Wallflowering, by award winning Australian playwright Peta Murray, is a delightfully amusing and poignant play about the nature of marriage, the pursuit of happiness and the perfect foxtrot!
HIT is very excited to be revisiting this beautiful Australian play, directed by award winning Denny Lawrence and starring well credentialed actors in the roles of Cliff and Peggy, and world class dancers as the younger dancing couple.
The play revolves around the lives of Peg and Cliff Small, an ordinary, suburban, middle-aged couple who were once prize-winning ballroom dancers.
The action is interspersed with ballroom dancing by a younger couple, who represent not only Peg and Cliff in their glory days, but also the older couple’s romantic, idealised view of themselves.
While Cliff now has dreams of becoming a writer, but can get no further than writing lists of clever book titles, Peg on the other hand is no longer content to quietly and unquestioningly follow her husband. She wants to lead and sees the possibilities and excitement in change. These changes cause them to be out of step with each other and threaten their marriage.
There is great comedy and pathos in the exploration of Cliff and Peggy’s “ordinary” lives. In the swish of a taffeta skirt and slide of patent shoes across the floor, the audience are transported to a glorious and romantic vision of our champions as perfectly synchronised, beautiful and extraordinary people.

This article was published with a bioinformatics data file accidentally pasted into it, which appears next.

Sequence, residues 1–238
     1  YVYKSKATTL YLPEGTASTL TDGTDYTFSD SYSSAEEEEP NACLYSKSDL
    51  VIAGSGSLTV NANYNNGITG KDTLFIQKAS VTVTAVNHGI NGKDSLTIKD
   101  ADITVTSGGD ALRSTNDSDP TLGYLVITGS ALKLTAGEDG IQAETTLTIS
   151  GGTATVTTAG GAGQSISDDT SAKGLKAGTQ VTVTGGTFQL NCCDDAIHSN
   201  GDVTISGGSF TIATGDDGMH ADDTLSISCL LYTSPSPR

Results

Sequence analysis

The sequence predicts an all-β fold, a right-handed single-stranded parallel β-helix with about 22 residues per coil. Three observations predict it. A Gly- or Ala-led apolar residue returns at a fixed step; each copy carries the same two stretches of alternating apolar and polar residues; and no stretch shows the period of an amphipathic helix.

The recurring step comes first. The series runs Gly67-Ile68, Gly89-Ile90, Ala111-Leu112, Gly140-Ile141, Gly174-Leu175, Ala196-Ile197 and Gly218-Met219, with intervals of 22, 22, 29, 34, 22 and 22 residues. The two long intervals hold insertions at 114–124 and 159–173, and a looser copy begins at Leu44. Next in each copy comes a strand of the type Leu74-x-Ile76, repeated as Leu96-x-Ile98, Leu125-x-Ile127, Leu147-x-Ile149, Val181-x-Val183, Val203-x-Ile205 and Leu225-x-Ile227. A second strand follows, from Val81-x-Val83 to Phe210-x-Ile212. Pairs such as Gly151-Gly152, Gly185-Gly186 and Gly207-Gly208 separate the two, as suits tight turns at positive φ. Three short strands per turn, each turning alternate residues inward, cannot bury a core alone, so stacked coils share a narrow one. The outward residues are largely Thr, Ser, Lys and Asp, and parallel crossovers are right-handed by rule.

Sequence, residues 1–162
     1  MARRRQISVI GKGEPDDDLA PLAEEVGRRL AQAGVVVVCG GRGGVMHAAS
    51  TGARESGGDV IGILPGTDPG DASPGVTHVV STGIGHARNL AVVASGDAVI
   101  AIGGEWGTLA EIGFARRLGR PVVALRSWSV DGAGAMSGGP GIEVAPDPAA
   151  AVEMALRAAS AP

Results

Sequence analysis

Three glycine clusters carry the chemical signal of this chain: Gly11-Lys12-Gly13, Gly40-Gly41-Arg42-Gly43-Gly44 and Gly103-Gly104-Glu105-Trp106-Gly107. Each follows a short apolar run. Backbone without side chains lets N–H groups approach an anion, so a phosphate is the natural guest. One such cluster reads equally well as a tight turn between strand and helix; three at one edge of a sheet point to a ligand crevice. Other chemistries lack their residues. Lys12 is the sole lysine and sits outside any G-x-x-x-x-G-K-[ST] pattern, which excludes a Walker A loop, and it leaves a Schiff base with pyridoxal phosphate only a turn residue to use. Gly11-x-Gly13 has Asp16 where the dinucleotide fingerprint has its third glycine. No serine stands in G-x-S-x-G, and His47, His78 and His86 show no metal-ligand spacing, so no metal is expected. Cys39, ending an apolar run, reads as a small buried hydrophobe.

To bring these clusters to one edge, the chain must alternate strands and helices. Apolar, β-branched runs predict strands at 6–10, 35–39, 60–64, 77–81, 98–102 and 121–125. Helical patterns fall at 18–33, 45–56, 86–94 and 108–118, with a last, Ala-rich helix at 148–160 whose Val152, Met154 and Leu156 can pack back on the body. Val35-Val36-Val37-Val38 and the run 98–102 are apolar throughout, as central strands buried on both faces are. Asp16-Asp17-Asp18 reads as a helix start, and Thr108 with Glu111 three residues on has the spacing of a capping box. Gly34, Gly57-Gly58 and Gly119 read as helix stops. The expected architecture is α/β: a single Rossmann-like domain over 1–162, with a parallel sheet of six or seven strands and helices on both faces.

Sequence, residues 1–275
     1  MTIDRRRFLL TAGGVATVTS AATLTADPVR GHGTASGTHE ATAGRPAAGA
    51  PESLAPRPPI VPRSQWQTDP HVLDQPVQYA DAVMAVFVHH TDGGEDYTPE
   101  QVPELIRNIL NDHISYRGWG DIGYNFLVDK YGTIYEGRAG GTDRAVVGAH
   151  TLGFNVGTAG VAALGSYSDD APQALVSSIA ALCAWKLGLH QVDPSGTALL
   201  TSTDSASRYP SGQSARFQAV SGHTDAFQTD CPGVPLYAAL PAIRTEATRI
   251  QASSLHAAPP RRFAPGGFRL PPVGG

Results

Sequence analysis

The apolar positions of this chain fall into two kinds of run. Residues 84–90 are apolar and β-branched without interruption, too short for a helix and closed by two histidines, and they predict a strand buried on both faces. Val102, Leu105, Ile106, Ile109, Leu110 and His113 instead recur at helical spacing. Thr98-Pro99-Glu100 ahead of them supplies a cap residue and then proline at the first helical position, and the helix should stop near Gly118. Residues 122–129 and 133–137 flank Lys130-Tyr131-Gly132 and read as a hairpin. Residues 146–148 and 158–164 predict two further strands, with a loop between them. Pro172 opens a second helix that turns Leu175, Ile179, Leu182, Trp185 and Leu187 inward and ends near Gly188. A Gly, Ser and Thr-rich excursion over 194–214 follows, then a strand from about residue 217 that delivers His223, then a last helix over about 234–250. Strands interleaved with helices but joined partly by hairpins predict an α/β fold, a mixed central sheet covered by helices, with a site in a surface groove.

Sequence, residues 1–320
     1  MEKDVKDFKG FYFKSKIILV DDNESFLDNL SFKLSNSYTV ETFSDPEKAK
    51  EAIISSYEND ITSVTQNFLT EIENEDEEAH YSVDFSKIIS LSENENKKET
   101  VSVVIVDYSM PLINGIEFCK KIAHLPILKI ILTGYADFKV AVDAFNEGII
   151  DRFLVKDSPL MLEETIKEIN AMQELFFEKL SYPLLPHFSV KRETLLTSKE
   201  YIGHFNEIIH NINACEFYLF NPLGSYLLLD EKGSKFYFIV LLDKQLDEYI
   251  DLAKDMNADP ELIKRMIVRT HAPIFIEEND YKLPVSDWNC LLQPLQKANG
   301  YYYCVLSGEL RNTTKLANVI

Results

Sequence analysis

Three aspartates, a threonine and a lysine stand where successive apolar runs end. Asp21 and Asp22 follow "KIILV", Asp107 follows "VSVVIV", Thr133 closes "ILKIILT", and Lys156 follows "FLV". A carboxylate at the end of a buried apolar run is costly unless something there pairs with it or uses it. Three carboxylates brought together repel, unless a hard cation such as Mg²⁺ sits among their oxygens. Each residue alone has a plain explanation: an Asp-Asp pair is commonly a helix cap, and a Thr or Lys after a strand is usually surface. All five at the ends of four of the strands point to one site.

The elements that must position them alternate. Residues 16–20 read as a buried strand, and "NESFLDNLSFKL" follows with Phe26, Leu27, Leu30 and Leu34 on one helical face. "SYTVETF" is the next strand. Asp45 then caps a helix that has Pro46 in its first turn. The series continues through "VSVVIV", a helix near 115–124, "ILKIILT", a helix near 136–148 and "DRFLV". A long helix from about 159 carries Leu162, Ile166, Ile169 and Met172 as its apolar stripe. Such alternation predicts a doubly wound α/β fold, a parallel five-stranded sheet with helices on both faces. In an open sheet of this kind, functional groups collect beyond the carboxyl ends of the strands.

Warning: Adult Themes
“Wallflowering leaves us with the feeling that loving in an ordinary way may be quite an extraordinary gift after all.” The West Australian
“...Noeline Brown and Doug Scroope bring to their roles as a long-married couple going through a troubled time the sort of understated artistry that critics dream about but seldom encounter in the theatre.” Oz Arts Review
“…two unremarkable people whose story is not the stuff of grand drama, but whose journey is authentic and considerable.” The Sun-Herald
“The integrity and finesse of Brown and Scroope, and writer Murray’s ultimate respect for love and marriage and belief that when people stop growing they die, makes Wallflowering a fascinating and rewarding play.” The West Australian
“The elegant Noeline Brown scores a bullseye performance with her finely judged portrayal of Peg…..That both characters win the affection and admiration of the audience is also a credit to director Bruce Myles, who has shaped two engaging and honest performances from this outstanding duo.” Geoff Gibbs, The West Australian